In a guest editorial in Smart Grid News, Jim Anderson and Mark Leinmiller, wrote, “The smart grid is seen as the true backbone of a smart and energy efficient city. It allows residents and city officials to understand their energy use and make smarter decisions going forward.” [“Why smart grid and smart water are essential to a smart city,” 19 February 2014] In order to make an electrical grid smart, you need data. With a number of companies now producing “smart products” that connect to smartphone applications, collecting the right data is becoming easier. Since power companies have a ready-made network, they are in a good position to gather the right data once they make the proper investment in smart technologies. As Lauris Veips notes, “There are myriad ways in which power suppliers can leverage data to optimize their power deliveries. With smart meters — meters that have two-way communication with the supplier — utilities have access to much more actionable data.” [“Smart Cities: How Big Data is Changing the Power Grid,” CloudTweaks, 8 October 2014] Anderson and Leinmiller add, “Companies in the energy industry are in the unique position of offering more complete solutions for the smart cities market.” Barbara L. Vergetis Lundin (@energyeditor) asks, “What makes a smart city?” [FierceEnergy, 11 November 2014] She obtains her answer from a report by Frost & Sullivan. “Frost & Sullivan says eight elements come into play — smart building, smart energy, smart infrastructure, smart technology, smart mobility, smart governance, smart healthcare and smart citizens.” All of those “smart” things represent needed investments in infrastructure.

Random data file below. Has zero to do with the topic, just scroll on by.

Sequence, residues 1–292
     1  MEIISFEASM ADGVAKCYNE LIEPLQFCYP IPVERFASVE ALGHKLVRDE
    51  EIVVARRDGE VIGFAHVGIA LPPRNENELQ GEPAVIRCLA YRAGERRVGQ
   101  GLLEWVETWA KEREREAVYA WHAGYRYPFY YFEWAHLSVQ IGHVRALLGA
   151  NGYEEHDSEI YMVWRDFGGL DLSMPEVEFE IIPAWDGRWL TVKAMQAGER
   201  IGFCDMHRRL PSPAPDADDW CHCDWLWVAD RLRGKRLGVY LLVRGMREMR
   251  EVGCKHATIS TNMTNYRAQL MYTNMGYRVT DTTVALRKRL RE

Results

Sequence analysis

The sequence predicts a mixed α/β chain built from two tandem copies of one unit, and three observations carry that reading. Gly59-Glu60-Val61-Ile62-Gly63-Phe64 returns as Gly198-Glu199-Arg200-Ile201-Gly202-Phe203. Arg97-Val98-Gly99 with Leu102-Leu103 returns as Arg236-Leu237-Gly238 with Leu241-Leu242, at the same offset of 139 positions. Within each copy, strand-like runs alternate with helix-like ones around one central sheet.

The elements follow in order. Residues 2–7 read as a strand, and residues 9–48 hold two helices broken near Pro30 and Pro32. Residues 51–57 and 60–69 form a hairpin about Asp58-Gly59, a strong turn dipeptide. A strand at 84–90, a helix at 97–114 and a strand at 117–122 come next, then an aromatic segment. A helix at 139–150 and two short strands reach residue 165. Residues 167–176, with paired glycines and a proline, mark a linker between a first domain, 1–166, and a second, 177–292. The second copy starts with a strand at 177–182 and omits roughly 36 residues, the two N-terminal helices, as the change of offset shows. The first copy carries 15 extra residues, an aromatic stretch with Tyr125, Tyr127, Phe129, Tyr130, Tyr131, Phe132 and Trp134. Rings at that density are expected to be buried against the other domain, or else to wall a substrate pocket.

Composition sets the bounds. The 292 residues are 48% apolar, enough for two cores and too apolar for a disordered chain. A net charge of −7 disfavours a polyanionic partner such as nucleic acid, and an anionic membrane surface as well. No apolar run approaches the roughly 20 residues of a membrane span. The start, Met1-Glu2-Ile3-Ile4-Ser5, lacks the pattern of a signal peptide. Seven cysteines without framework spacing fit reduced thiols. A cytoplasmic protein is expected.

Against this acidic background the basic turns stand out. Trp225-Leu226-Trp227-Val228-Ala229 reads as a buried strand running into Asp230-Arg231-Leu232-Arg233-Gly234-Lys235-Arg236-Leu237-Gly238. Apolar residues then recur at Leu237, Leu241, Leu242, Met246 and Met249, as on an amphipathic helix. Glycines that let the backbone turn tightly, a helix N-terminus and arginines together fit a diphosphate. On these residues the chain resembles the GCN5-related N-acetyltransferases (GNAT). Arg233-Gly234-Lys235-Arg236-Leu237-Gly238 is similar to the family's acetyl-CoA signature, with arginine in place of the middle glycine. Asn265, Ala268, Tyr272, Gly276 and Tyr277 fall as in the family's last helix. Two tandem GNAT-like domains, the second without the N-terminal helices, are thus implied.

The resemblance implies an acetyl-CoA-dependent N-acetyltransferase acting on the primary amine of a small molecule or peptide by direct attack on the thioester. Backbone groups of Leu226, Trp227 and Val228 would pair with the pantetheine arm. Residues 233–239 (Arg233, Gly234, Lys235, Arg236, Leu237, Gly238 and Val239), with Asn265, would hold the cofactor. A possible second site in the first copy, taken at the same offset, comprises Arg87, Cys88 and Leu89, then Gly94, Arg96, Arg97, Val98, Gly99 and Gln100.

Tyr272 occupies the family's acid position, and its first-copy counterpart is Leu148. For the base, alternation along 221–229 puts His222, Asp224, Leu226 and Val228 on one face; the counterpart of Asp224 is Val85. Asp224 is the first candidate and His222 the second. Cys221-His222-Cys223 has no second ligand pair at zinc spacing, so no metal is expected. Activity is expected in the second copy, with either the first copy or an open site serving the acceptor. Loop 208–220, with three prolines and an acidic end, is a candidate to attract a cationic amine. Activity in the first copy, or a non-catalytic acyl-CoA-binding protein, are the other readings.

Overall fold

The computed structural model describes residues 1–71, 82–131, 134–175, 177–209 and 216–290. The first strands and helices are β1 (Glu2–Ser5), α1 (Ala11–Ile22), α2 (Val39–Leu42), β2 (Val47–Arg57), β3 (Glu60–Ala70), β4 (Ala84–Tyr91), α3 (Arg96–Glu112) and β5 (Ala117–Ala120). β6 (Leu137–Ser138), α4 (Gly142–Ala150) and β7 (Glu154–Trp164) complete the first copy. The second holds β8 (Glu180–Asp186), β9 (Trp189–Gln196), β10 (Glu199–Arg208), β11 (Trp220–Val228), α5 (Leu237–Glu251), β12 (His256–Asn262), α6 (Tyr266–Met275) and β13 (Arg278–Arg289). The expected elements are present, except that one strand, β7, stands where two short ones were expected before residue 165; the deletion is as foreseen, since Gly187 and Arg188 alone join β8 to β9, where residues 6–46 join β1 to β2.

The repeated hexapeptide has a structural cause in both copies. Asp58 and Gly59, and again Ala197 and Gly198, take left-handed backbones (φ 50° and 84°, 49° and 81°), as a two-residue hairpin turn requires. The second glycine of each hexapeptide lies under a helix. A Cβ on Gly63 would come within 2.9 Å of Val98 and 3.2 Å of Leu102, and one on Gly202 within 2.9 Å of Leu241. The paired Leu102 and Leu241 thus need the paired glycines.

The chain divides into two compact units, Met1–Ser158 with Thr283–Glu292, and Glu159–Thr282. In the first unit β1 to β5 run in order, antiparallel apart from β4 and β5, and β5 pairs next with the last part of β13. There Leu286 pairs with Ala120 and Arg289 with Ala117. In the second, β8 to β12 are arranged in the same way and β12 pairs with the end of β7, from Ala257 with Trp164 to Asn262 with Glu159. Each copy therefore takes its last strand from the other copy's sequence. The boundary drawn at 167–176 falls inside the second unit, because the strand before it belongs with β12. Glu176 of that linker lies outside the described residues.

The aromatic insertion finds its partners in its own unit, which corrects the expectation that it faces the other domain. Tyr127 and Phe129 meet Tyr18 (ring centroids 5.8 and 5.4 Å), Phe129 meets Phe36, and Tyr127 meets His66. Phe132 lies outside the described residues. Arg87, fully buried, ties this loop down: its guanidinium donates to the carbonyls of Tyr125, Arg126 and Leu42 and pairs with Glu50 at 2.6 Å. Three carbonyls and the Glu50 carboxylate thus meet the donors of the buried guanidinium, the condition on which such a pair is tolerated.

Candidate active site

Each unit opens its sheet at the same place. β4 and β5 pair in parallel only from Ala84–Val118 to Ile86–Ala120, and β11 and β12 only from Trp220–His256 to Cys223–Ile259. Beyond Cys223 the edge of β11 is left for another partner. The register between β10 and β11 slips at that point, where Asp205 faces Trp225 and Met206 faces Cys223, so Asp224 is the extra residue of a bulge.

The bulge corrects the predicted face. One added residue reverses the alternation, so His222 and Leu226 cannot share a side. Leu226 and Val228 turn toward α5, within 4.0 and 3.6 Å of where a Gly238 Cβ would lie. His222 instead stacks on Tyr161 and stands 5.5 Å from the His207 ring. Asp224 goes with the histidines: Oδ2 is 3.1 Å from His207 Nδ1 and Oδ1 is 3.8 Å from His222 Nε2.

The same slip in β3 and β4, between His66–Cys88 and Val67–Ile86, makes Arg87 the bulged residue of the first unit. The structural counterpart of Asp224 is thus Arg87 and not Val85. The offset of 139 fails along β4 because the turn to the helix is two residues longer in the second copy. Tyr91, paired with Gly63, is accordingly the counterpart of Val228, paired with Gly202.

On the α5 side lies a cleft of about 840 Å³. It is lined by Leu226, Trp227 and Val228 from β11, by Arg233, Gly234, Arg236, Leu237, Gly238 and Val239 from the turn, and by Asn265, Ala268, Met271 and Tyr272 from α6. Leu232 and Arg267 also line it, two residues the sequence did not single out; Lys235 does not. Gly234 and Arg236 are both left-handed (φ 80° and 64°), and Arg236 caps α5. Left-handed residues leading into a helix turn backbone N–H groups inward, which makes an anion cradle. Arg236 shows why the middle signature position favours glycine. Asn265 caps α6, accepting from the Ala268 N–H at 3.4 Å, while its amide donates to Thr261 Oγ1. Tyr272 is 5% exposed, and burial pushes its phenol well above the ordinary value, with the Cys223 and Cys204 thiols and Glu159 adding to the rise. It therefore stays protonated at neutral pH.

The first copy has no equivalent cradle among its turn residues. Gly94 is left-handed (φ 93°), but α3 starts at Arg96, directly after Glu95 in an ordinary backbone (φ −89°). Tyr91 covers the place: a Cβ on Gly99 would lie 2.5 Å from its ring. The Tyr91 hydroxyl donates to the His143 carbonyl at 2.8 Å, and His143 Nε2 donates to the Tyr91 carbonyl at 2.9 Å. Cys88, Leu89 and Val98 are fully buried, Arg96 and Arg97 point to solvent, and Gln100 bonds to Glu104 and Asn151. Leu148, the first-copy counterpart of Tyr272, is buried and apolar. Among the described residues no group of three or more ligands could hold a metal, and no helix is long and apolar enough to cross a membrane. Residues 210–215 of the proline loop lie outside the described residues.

One infrastructure sector not graded in the ASCE report card is broadband connectivity. I suspect the U.S. would get a “B-” or “C+” in this area. Adie Tomer (@AdieTomer) and Rob Puentes (@rpuentes) write, “No industry or household in the world will reach their future potential without access to broadband, it is the electricity of the 21st century.” [“Here’s the Right Way to Build the Futuristic Cities of Our Dreams,” Wired, 23 April 2014] Laura Black adds, “Following the recent news that America’s infrastructure is receiving an overall grade of a D+, could we soon see an infusion of M2M in infrastructure and cities across the country? I might argue the nation’s near-failing infrastructure grade signals M2M is needed in cities now more than ever.” [“Smart Cities: Challenges and M2M Solutions,” Connected World, 21 March 2013] Most machine-to-machine (M2M) connectivity will occur over the Internet of Things (IoT). Although Black understands that most governments are cash-strapped, Black believes they will still be making infrastructure investments and, when they do, they should ensure that the resulting upgrades are embedded with the latest technology. “In addition to investing in infrastructure in general,” she wrote, “city planning officials might also want to consider investing in M2M and intelligent-transportation systems as well. After all, with technological innovation progressing as rapidly as it is, traditional structures could soon become a thing of the past. … Cities across the globe are grappling with tight budgets and aging infrastructure. Add in the fact that today’s consumer is always connected, and the need for smart cities is greater today than ever before. M2M provides a means to address a number of these challenges and deliver more advanced infrastructure in the future. Maybe, just maybe, if we build a community around this concept we can help raise America’s infrastructure grade together.”
Infrastructure Week really isn’t about celebrating infrastructure but underscoring its importance to a vibrant economy. Although the distaste for government spending has increased in recent years, neglecting infrastructure improvements will only raise the bill to fix the problems in the years ahead.